I love the respond I get from you guys as readers especially when I write about places I felt comfortable traveling as a black American woman (that’s why I did a second list!). From students planning their study abroad, families planning their first overseas vacations, it’s been great hearing your feedback and experiences. I’ve heard from a few mixed race families looking to have comfortable family vacation perhaps without being oogled at, someone touching their kid’s hair or thinking that the mom is a nanny or au pair.
In our video on Traveling As An Interracial couple in honor of Loving Day, Michele and I mainly discuss our experiences and social commentary as a whole, mentioning very few places so I wanted to make a list and share with you from BOTH of our experiences.
Monaco and the French Riviera. Michele and I just watched Netflix’s new movie, Murder Mystery that takes place in a lot of our stomping grounds, from Brooklyn to Northern Italy. Michele didn’t notice but I notice in the scenes through Monaco, markets to Grand Prix, a lot of the extras were interracial couples of black women and white men. This is something I noticed in my travels in the area as well with wealth, superseding, race and even background as means to enter.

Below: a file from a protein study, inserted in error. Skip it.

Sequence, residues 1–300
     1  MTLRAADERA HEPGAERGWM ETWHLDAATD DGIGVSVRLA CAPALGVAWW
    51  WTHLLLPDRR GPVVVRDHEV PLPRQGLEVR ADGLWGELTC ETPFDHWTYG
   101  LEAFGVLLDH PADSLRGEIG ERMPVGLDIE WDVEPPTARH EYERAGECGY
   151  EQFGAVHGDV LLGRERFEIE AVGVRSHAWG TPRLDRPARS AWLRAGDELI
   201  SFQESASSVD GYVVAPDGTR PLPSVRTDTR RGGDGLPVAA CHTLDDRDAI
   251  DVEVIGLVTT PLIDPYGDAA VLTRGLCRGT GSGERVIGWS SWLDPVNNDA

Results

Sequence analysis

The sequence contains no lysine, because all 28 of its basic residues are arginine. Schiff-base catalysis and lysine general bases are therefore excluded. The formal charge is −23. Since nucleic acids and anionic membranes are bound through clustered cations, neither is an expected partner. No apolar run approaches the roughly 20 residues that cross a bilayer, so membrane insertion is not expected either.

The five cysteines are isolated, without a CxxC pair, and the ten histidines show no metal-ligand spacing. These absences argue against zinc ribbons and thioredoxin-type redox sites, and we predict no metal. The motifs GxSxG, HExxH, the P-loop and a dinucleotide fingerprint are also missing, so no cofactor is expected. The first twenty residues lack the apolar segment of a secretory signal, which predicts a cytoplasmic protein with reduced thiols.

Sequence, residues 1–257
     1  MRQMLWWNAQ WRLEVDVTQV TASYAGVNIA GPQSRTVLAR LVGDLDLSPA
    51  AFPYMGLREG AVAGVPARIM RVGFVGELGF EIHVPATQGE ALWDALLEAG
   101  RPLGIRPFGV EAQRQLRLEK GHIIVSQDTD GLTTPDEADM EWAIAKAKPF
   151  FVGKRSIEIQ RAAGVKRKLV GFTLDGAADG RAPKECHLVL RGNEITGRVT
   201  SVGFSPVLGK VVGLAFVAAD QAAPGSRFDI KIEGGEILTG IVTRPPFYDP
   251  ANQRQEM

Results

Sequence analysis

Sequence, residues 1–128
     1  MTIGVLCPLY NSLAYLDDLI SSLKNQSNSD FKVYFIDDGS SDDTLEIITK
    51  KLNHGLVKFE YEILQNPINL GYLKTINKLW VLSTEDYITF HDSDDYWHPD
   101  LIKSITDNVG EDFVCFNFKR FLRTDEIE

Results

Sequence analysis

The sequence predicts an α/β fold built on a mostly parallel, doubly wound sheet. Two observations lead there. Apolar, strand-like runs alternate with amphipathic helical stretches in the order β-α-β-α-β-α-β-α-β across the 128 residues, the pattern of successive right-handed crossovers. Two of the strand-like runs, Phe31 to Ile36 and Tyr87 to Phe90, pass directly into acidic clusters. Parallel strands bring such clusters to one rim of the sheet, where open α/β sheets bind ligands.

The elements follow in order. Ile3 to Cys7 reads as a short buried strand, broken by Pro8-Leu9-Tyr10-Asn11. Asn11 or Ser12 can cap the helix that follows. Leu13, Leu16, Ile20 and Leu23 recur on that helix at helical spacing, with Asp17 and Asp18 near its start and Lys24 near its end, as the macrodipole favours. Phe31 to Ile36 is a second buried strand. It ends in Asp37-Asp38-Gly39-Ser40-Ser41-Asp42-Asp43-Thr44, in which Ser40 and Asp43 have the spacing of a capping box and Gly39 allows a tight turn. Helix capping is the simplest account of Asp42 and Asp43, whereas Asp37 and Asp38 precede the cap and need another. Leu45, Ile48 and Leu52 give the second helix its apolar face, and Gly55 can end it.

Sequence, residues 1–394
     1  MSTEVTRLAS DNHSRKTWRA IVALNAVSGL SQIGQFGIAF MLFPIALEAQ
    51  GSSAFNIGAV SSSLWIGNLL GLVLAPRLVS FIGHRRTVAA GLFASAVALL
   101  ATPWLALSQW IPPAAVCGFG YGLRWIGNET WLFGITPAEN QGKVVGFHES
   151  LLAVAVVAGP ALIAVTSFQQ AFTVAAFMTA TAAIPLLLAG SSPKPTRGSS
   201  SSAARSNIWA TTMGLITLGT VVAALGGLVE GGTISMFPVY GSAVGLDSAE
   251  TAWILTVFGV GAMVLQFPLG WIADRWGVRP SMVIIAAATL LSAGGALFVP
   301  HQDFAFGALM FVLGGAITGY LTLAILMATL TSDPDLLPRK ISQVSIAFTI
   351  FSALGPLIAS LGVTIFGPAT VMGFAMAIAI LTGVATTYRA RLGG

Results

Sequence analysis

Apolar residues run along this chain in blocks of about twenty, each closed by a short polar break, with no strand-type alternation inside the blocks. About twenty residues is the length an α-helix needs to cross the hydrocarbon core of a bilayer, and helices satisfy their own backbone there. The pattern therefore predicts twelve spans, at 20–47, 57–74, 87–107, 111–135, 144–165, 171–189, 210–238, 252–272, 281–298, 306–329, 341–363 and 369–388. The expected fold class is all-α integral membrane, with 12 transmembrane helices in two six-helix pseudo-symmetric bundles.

Paris, France. Along the same lines, Paris is a city where I saw an abundance of interracial couples as well as mixed race people reflecting the country’s history from the West Indies to Asia and Africa. It’s where black artists and intellectuals sought freedom post-War: James Baldwin, Richard Wright, Josephine Baker, to name a few. It’s oddly enough where I ended up for a brief stint after the last presidential election. Not even an oogle, being an interracial couple in Paris seems to cause no pause. France is not exempt from intense race issues though and being a black American there is a strange space.